Overall, publishers are probalby useful. In part just because it creates something of a division between the creative and business sides of a game. You'll notice that even large integrated game houses often function in the developer/publisher setting. EA owns a lot of game companies, and if they wanted to they could simply make it all "EA". They would be the developers, publishers, and so on. However they don't seem to do that. They have separate internal game studios, with their own headquarters and so on that develop the game, and the EA publishes it. Even their EA label stuff is that way. EA Sports is a subsidiary in Vancouver (with it's own CEO and so on), whereas EA itself is in Redwood.

    My guess is they do it that way because it works better. The development subsidiaries are just "developers" and just worry about making the game. EA itself then worries about funding, marketing, and so on.

    • by tepples (727027)

      Stardock decided that since they'd been screwed over by a publisher on GC1, they'd just self publish.

      That worked because Stardock develops in a PC-centric genre. But because there isn't a gaming PC in most living rooms yet, developers of games in genres more suited to the living room than the computer desk (e.g. anything multiplayer that isn't an FPS, RTS, or online RPG) need an established publisher to represent the developer to the console makers.

    • Re: (Score:3, Insightful)

      by Backward Z (52442)

      I worked briefly as in-house game development staff in an entry level position at EA Redwood Shores. I, for one, using the example of EA, am of the opinion that the publisher would be willing to amputate a game's legs if it meant shipping on time.

      And that's not good for the developer.

      The studio I worked in, formerly just called "EARS - EA Redwood Shores" has been renamed "Visceral Games," but don't let that fool you into thinking it's anything like an independent studio. It is very EA there. It is seeped

  • 1. Create a bad analogy
    2. Get lost in your own analogy because it's so bad
    3. Make sure you submit story title as a question
    4. YESNOMAYBE

    PS: Publishers suck. Haven't you noticed how hard it's getting to find PC games, even in game stores like Gamestop? THEY have decided to shift everything to consoles, because consoles "can't be pirated". They are middlemen that often add little value to software, and yet expect EVERYONE (devs AND consumers) to dance to their tune.

    It's the 21st century. If Steam/Gamersgate/w

  • I have an Internet connection. I can rent bandwidth and rent or buy space on a web server. I can broadcast news of my game via social networking, message boards and other free medium. If I can work out how to write games, managing a web server isn't going to be brain surgery.What the fuck do I need a publisher for? I'm not unique.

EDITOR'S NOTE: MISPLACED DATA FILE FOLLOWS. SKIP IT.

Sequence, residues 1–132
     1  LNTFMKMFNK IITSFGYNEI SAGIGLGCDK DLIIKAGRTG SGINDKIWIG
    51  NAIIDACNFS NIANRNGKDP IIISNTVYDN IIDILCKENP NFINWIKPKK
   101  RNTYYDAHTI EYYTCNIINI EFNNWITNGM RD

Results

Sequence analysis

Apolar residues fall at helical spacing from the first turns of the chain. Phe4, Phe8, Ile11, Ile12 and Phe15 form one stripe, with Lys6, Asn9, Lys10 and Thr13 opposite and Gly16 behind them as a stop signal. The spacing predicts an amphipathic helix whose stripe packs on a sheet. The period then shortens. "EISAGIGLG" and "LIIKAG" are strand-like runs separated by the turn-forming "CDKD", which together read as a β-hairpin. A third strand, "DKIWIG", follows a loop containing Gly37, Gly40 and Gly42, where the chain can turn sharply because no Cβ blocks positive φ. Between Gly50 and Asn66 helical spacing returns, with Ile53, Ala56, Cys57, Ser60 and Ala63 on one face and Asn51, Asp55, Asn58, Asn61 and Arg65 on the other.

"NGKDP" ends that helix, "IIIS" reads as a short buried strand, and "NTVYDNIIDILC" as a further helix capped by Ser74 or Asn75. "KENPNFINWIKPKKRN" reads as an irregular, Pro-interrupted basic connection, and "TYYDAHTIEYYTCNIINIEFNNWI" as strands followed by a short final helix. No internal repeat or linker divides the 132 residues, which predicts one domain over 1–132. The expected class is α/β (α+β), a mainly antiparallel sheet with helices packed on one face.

Publishers fuck off.

    • Re: (Score:3, Insightful)

      by timmarhy (659436)
      uhuh. dude you have no fucking idea. sure for a website taking a few 100 meg a day from a few visitors. it gets a hell of a lot more complex when your content is pumping gigs an hour. not only that who is going to fund your team of developers?
      • by syousef (465911)

        I guess you've never heard of high bandwidth web hosting? Or teams of developers that build complex software that are either sponsored, do it for profit but independently, or do it as a hobby. By that logic most open source wouldn't ever exist.

        In fact last I heard most publishing houses treated their developers like shit - expecting them to work 80-100 hour weeks year round.

        • by nomadic (141991)
          Or teams of developers that build complex software that are either sponsored, do it for profit but independently, or do it as a hobby. By that logic most open source wouldn't ever exist.

          The problem with your argument is that the best games tend to be proprietary; open source game development has been mostly mediocre for the past decade, with the occasional gem.
          • by syousef (465911)

            The problem with your argument is that the best games tend to be proprietary; open source game development has been mostly mediocre for the past decade, with the occasional gem.

            Funny, that's how I'd describe most commercial titles too. They just vastly outnumber the open source efforts. Perhaps its time for all of this to change. The only reason we've had so much commercial work is that it's so competitive that most developers fall over each other trying to do longer hours and outdo everyone else for compar

    • by 91degrees (207121) on Friday October 23, 2009 @06:33AM (#29844337) Journal
      Yeah. The only other things a publisher can do is get shelf space in high street stores, advertising space in computer magazines, mentions in the mainstream press, show at E3 and fund development for a year, as well as hire professional web designers who know about promotion and page layout to sort out the website.
      • by syousef (465911)

        Who the fuck needs shelf space in high street stores? Music downloads now exceed physical sales, and music is more main stream. Advertising in computer mags isn't what makes a game sell. Certainly mention in mainstream press doesn't make a hit. If you're a hot developer with good titles you'll also be able to show at E3, and overpaid web designers who speicalise in page layout are highly over-rated. As for funding development for a year, I guess complex software never gets written by hobbyists, or by sponso

        • Music downloads now exceed physical sales

          A single at typical encoding settings is 4 MB; even over dial-up, a single takes only 15 minutes to download. Your video game is probably at least 10 times that if not 100. And to distribute a game in a genre not well suited to PCs, you have to gain the approval of a console maker that prefers to work with big publishers instead of small self-publishing developers. Music doesn't have such a gatekeeper.

          I guess complex software never gets written by hobbyists